Thanks @ScruffR, I mistyped and meant 20MHz!

@peekay123 as it is flashing green, doesn’t this mean that the wifi connection cannot be made and hence the outbound port block theory is not relevant ?

@policenauts suggest the following. Get the customer to set up a hotspot on their mobile phone using the same SSID and credentials as their Access Point. (Turn off the Access Point) Can they now connect?

Secondly, you said

I believe the 2.4 and 5GHz are two separate SSIDs so I don’t think that is the issue, but I will confirm.

Did you confirm this? I ask because this is an issue…

@UMD thanks for the tip and sorry I never circled back on this - in this case, this customer was extremely non-technical and in the end I shipped them a non-Particle based workaround. Out of curiosity, what does setting up the hotspot with the same SSID and credentials as the AP do? What does it suggest if it works (or still fails)?

I wasn’t able to see it with my own eyes, but I confirmed with the customer multiple times that the 2.4 and 5GHz had their own SSIDs so I took them at their word.

@policenauts so there goes the theory of 2.4 vs 5 GHZ…

Re the mobile hotspot, being able to connect means that

  • There is no issue with your hardware (eg bad antenna)
  • There is no issue with your firmware
  • The SSID and password supplied by the end user is correct

Not being able to connect points to:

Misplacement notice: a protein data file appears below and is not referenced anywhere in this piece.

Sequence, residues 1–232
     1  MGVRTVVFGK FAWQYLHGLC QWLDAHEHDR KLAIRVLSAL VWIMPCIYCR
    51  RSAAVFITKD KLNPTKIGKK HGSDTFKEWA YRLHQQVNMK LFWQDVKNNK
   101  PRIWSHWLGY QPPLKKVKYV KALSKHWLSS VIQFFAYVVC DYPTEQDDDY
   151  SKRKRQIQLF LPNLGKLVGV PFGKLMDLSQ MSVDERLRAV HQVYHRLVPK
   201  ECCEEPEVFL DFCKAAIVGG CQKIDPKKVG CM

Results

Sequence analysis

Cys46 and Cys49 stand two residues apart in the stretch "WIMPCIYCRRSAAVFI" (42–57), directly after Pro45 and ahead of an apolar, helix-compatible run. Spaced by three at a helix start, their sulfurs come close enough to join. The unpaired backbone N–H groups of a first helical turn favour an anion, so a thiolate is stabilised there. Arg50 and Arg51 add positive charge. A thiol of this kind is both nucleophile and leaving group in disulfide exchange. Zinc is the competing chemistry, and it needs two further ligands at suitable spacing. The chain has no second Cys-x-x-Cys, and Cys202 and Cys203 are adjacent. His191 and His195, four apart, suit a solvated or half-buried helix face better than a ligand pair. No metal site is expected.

• Issue(s) with your hardware
  • Issue(s) with your firmware
  • The SSID and password supplied by the end user is incorrect

What is their WiFi channel bandwidth set to? If needs to be 20 MHz, not 40 MHz.

@UMD thank you Harry.

In the end I wasn’t able to check their WiFi channel bandwidth. I had always thought in theory I could help a customer adjust their router settings, but in practice, the act of asking a busy customer to download Zoom desktop (so that I could remote in) and then jump into their WiFi settings (where I could potentially break something) without any guarantee of success proved too risky to attempt, at least in this case.

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Hi @policenauts,

Some time ago I had a customer enter their particle account password instead of their wifi password.

We were on the phone troubleshooting this when I asked them to enter their wifi password and something clicked on their side and then realized their error.


@policenauts, @gusgonnet believe me, I know what you mean!

@policenauts you could ask your client to download a good WiFi scanner mobile app and get them to read out the details. I know that you have provided a work around, but it would be a good idea to understand this problem for next time…